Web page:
These political and constitutional issues that are raised by this General Election also need to be considered in relationship to the economic crisis facing not only the United Kingdom but also countries in Europe and around the world. The question of bringing confidence to the economy at a time of a public deficit of £163 billion and of a sovereign debt crisis in Europe will be a major challenge for whoever takes on the political leadership of the country. Politics and economics meet in the fundamental areas of the trust and confidence that they engender or undermine in electorates in their host nations and in global financial markets that transcend the control of any single government. These fundamental qualities depend upon an ability to act competently and responsibly in the face of challenging circumstances. And at a time when clear leadership is required in these issues it will be important that Britain realises that it can only meet these challenges by working with others in coming to national, international, and global agreements.

The changing nature of society today means that the old categories of domestic and foreign affairs are no longer sufficient to capture the complex supra-national realities facing politics and economics in the twenty-first century. Whether over issues of the environment or of immigration or of regulating global financial markets, we have moved beyond the old style of narrowly defined national politics and economics; political and economic institutions largely created in a former world built on the supremacy of the nation and tribal loyalties are struggling to cope. The growing dissatisfaction with the adversarial political system is but one manifestation of this changing social reality which has translated itself as a ‘hung Parliament’ or, as seems more appropriate to call it in this new situation, a ‘balanced Parliament’. Whilst some commentators may consider this election to have delivered no clear picture in the country, the clarity that seems to have emerged is that the parties will need to move beyond narrow party interests in order to work together for the common good if they hope to secure confidence from the electorate and in the wider world.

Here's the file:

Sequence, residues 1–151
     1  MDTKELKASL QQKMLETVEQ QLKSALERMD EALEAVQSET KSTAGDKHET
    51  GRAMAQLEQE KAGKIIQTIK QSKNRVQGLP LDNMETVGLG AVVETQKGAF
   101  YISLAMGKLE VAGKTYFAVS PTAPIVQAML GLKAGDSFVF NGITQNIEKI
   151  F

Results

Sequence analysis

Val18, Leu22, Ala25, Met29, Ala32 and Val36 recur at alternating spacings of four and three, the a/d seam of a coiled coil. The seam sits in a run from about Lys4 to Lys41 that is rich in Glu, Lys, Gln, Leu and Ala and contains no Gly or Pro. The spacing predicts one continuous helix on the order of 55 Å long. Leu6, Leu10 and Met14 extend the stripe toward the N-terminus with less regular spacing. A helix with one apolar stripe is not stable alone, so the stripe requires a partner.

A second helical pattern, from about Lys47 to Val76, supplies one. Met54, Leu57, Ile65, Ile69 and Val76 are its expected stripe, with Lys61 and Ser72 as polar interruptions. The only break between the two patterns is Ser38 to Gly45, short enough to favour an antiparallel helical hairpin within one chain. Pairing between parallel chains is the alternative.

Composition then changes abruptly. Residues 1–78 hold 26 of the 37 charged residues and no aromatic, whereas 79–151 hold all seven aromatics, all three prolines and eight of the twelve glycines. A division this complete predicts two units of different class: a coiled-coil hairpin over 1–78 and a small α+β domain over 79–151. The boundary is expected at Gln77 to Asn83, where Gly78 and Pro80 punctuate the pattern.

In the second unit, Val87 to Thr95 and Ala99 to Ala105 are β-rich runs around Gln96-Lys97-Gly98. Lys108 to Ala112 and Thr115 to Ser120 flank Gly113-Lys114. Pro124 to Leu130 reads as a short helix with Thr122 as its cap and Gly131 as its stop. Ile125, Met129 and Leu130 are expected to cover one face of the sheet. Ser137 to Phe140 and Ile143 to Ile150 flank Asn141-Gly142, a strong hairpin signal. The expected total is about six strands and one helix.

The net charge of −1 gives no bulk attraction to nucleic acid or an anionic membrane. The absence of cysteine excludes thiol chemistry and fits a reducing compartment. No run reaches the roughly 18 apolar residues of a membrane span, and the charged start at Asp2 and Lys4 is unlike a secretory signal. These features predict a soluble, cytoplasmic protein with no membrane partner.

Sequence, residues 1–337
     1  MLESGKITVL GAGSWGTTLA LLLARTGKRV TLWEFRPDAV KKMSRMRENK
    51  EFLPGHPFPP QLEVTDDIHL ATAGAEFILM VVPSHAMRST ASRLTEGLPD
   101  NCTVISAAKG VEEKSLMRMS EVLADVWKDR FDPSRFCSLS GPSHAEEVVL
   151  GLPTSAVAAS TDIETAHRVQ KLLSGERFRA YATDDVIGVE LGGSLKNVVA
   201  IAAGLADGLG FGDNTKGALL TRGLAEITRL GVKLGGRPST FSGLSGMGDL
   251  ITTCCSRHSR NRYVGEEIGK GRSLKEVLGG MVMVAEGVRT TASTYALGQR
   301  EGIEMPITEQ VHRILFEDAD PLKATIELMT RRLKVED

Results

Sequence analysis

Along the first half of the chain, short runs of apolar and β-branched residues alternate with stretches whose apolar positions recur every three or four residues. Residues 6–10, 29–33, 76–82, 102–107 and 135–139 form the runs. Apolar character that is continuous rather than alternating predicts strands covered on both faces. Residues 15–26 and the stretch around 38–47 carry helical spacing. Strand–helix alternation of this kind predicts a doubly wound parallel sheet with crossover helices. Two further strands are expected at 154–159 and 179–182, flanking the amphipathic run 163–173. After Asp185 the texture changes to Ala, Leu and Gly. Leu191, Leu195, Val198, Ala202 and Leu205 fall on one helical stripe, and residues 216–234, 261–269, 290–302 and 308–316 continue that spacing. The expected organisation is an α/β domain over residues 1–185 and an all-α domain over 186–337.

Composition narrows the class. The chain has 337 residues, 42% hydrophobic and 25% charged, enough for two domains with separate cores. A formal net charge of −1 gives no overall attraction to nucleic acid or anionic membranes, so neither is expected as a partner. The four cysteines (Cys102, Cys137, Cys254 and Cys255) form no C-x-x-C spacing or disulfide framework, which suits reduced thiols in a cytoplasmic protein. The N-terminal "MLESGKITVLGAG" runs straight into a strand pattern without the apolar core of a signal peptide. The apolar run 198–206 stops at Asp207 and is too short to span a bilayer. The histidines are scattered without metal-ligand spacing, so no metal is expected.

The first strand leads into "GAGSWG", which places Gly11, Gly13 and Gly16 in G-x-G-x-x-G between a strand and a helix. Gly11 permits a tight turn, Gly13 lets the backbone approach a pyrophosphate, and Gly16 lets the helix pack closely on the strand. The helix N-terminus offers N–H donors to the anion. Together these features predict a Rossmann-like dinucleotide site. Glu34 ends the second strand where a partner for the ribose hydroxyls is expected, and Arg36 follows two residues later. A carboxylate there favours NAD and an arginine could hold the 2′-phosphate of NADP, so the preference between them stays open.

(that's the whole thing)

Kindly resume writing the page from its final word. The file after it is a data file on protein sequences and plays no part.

Anthony J. Carroll SJ teaches philosophy at Heythrop College, University of London.